I feel like I am just starting to wake up after a month of being in a really full-on dream zone!
Even though I have had a few full night’s sleep in a row, my body clock has not fully returned to its original settings before lambing started.
I awoke this morning at 2:30 and could not get back to sleep, so I went down to the shed with a night feed and checked on everyone, came back up wide awake and made soda bread…it was yum.
Feeding surplus lambs
Although all my ewes have lambed and the youngest bunch are now one-week-old, my work is still quite full-on as I have 16 surplus/pet lambs who, at this stage, I have trained to drink from a bucket feeder.
But even though they are all drinking ad-lib throughout the day, I must keep a close eye on a few of the smaller lambs who just cannot compete for their feed as easily as the bigger lambs.
It just means I am still very hands-on, and when I refill their bucket with milk, I take a couple of bottles to feed the smaller guys with.
Yes, it is time-consuming, but at least I know each lamb is getting its quota of milk, and they are thriving.
Other sheep farmers would sell off these surplus lambs as it is not viable for them to keep them. However, as I have said before, every set up is different, and it is all about finding the right fit.
Out in the fields, the grass has come on so well since I spread pig slurry a couple of weeks ago.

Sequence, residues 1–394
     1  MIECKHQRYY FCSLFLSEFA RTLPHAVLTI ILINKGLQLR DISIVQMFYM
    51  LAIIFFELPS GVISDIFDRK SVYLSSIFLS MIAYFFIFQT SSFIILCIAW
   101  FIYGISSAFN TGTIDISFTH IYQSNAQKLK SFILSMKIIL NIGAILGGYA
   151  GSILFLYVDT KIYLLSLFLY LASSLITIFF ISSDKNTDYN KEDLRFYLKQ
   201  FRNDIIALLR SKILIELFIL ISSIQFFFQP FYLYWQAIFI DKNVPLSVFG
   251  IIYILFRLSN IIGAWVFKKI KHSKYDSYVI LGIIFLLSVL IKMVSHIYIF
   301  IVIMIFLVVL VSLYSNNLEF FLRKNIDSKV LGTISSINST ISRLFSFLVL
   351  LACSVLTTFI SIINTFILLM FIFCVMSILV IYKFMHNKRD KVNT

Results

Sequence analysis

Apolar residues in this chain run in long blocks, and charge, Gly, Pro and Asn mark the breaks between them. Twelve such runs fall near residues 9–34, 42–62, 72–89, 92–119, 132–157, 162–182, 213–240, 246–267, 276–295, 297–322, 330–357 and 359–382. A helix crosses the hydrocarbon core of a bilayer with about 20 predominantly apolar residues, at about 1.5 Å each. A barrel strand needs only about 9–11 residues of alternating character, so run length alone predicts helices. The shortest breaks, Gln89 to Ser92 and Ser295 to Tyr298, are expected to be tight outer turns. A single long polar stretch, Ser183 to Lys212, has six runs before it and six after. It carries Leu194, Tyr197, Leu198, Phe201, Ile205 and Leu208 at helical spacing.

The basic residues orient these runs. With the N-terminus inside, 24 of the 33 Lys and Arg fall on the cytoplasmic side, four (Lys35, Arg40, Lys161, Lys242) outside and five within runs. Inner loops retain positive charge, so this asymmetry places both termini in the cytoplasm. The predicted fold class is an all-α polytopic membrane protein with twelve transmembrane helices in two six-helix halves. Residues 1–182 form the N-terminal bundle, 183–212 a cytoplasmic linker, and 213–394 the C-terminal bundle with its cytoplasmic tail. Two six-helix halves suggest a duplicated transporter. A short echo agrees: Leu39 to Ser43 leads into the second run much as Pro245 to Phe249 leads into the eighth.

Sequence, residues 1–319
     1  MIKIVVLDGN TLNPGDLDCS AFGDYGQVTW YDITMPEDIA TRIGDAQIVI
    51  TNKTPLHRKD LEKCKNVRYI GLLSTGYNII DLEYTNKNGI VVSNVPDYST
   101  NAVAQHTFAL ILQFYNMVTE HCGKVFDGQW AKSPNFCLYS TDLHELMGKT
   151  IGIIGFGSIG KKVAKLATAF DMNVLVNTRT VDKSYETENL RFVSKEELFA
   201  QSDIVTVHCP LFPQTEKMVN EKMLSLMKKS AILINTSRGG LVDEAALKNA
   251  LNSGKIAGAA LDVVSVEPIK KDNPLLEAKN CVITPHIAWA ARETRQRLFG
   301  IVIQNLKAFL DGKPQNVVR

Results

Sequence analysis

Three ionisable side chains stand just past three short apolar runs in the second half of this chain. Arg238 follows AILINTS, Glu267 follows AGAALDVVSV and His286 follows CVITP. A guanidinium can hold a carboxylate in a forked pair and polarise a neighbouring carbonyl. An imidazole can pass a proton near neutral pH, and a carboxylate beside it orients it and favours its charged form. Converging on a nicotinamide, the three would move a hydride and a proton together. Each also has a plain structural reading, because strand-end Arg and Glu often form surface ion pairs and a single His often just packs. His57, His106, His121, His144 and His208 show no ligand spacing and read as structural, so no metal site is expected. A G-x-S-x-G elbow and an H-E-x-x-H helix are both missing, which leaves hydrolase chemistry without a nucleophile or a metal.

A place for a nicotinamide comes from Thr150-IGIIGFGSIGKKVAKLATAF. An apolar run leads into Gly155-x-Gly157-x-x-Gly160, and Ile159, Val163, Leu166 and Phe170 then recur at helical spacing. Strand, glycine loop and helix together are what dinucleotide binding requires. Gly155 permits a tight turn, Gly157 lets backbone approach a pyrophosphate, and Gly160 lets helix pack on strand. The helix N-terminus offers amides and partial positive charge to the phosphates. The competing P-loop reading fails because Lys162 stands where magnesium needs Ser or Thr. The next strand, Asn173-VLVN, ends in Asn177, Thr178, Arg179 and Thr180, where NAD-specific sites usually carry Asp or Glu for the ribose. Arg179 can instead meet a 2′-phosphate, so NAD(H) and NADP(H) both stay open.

It is my first time using it, and I am really impressed with the results. It means I will not have to spend money on chemical fertilisers until later in the season.
Turning out to pasture
This brings me nicely onto the next phase of lambing 2021, and that is letting my ewes and lambs out to grass.
It has been a long, hard winter feeding-wise for me as I am a little short on ground space for my numbers.
However, I have sold off a few hoggets (year-old ewes) recently, and I have a few more to move soon. This will take a bit of pressure off my grass and I.
It was a tough decision to make as I had hoped to keep more of these young sheep as replacements for my flock of breeding ewes.
However, as I keep reminding myself, this is ultimately a business I am trying to succeed in, and there are big girl decisions that need to be made.
It is getting easier to make these judgments. Plus, when the cheque comes, it will certainly soften the blow.
My next important job is to vaccinate all my lambs against several common diseases.
You have heard me mention Heptavac before. Well, at three-weeks-old, they can get their first dose, then 4-6 weeks later, their second.
At this rate, I will be way ahead of the Covid-19 vaccination programme!